Welcome to The Nest! My name is Robin Sutker, and I am the Bird and Mammal Curator for the Virginia Living Museum. I oversee all of the Museum’s birds, mammals, and land invertebrates (not your typical combination, I know), and through this blog I hope to share some of the little heard stories with you. Birds, mammals, and even invertebrates can make nests – hence the new blog name! I have been working with wildlife since 2007 and with Association of Zoos and Aquariums (AZA) zoos since 2009. But more on that later…
For my first post, I want to share the story of the little deer that could, one of the first animals I worked closely with at the VLM. We introduced her to you on Facebook Live on March 22, 2020 as part of the Museum’s online Natural Education programming. Thinking back to August 2019, when I first started working at the VLM, and the newest member of the deer herd joined us a few weeks later. Here is her story.
In August of 2019, a white-tailed deer fawn arrived at the Virginia Living Museum. At approximately two months of age, she was a rescued orphan who was medically compromised, having already fought off a tick-borne infection at her young age. She was rehabilitated by a local white-tailed deer specialist, and transferred to the Museum with the approval of the Virginia Department of Game and Inland Fisheries (VDGIF) and the Wildlife Center of Virginia – both of which oversee the placement of non-releasable wildlife in the state. White-tailed deer are carefully managed at a state level due to Chronic Wasting Disease (CWD), a fatal neurological disease that is highly contagious in white-tailed deer and their close relatives. The Virginia Living Museum works closely with the VDGIF and the Wildlife Center to prevent further transmission and spread of CWD outside of its current boundaries.
“Artemis,” as she was named by keepers, appeared bright and healthy upon her arrival at the Museum but succumbed to colic a few days after arriving at the VLM. Colic (a term used to describe abdominal pain in hoofstock) can be caused by a variety of factors, including pre-existing illness or stress. While she was initially nursing well from a bottle she started to refuse formula, which is extremely dangerous for a young mammal. At only twelve pounds, she was battling the second fight for her life. Keepers and veterinary staff were providing round the clock care, acting as both companionship and medical support for “Artemis.”
She slowly began regaining her strength, and soon was eating both formula and solid foods. It seemed as though nothing could stop her! At approximately four months of age, “Artemis” was deemed strong and healthy enough to be transferred to her permanent home – a barn adjacent to the VLM’s white-tailed deer exhibit. She was confident enough to spend the nights by herself and days in a back paddock frolicking with her dedicated keepers. However, for unknown reasons her colic returned in mid-November, and the once lively fawn was unable to stand on her own.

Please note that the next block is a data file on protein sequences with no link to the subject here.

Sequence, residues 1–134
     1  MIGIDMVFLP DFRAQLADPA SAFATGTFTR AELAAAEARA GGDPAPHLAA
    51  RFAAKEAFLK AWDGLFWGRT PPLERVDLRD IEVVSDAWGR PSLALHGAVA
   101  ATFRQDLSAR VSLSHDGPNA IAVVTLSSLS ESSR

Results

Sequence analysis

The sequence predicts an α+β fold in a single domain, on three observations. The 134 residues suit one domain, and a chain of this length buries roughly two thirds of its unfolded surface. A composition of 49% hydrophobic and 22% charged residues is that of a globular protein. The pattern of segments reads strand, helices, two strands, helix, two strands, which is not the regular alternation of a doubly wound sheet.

“Artemis” was hospitalized the week of Thanksgiving, with another suspected bout of colic, at the Museum’s veterinary department. She was given intravenous fluids, antibiotics, pain medication, and gastro-protectants. Animal care staff iced her hooves to reduce the risk of laminitis (inflammation and break down of tissue in the hooves) and performed physical therapy to help her maintain her muscle mass and mobility.
For a week “Artemis” made steady progress and was soon able to stand on her own, to the relief of the entire Museum who now rallied behind her. She was harness trained and taken on increasingly long walks to improve her muscle tone and strength. She spent another three weeks under careful observation as her appetite and behavior continued to return to normal.
As if it was a scene from the movie Groundhog’s Day, “Artemis” was again ready to move back to her barn and begin 2020 in the deer exhibit. “Artemis” was introduced to the Museum’s three turkeys in the large main deer exhibit, to begin acclimating to the space. After the proved that she was able to safely transfer on and off exhibit with the turkeys and stay in the barn overnight by herself, introductions began with the Museum’s one year old buck, “Orion.” The two white-tails were first “howdy” introduced, which means they were first given visual but no physical access, followed by visual and physical access through a shared fence line. Both “Artemis” and “Orion” were showing positive behaviors, so the gates were opened for them to share the back paddock, transfer space, and the entire front exhibit! The Museum’s veterinarian and Bird and Mammal Curator were there in case anything didn’t go as planned, but it was clear they would get along well. There was sniffing, mutual-grooming, and grazing almost immediately, and no negative behaviors like head-butting or open mouth breathing (both potential indicators of stress) were observed.
The Animal Welfare and Conservation Department is proud to say that “Artemis” is thriving on exhibit, and displaying appropriate behaviors for her age. She is exploring the entire exhibit with “Orion” and the three turkeys, while always making time to play. She is eating well and has no medical concerns at this time. As “Orion” was neutered, they will not breed, but the pair will instead be lifelong companions. The Museum will continue to house and care for non-releasable deer to the VLM’s herd as deemed appropriate by the VDGIF and The Wildlife Center. We can’t wait for you to come back and say hi to “Artemis” and “Orion!”